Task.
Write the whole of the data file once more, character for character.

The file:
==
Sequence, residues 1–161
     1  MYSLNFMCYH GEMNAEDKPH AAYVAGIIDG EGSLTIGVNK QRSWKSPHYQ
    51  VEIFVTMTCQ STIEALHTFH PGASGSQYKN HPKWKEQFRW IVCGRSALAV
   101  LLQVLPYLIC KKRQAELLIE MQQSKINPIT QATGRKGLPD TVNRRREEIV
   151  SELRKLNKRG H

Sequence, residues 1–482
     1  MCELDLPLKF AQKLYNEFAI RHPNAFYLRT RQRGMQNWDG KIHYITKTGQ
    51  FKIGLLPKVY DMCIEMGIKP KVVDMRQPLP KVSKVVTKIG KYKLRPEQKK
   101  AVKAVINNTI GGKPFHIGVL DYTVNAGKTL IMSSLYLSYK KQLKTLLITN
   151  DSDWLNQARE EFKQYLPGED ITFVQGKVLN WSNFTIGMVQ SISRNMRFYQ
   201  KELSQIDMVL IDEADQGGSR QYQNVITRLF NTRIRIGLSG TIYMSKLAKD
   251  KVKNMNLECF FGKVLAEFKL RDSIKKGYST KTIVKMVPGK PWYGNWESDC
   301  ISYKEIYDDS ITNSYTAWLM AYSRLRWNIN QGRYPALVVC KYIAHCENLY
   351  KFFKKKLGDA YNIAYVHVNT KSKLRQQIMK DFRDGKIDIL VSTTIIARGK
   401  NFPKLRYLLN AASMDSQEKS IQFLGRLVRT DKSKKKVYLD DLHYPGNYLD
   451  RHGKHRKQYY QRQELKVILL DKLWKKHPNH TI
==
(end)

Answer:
Sequence, residues 1–161
     1  MYSLNFMCYH GEMNAEDKPH AAYVAGIIDG EGSLTIGVNK QRSWKSPHYQ
    51  VEIFVTMTCQ STIEALHTFH PGASGSQYKN HPKWKEQFRW IVCGRSALAV
   101  LLQVLPYLIC KKRQAELLIE MQQSKINPIT QATGRKGLPD TVNRRREEIV
   151  SELRKLNKRG H

Sequence, residues 1–482
     1  MCELDLPLKF AQKLYNEFAI RHPNAFYLRT RQRGMQNWDG KIHYITKTGQ
    51  FKIGLLPKVY DMCIEMGIKP KVVDMRQPLP KVSKVVTKIG KYKLRPEQKK
   101  AVKAVINNTI GGKPFHIGVL DYTVNAGKTL IMSSLYLSYK KQLKTLLITN
   151  DSDWLNQARE EFKQYLPGED ITFVQGKVLN WSNFTIGMVQ SISRNMRFYQ
   201  KELSQIDMVL IDEADQGGSR QYQNVITRLF NTRIRIGLSG TIYMSKLAKD
   251  KVKNMNLECF FGKVLAEFKL RDSIKKGYST KTIVKMVPGK PWYGNWESDC
   301  ISYKEIYDDS ITNSYTAWLM AYSRLRWNIN QGRYPALVVC KYIAHCENLY
   351  KFFKKKLGDA YNIAYVHVNT KSKLRQQIMK DFRDGKIDIL VSTTIIARGK
   401  NFPKLRYLLN AASMDSQEKS IQFLGRLVRT DKSKKKVYLD DLHYPGNYLD
   451  RHGKHRKQYY QRQELKVILL DKLWKKHPNH TI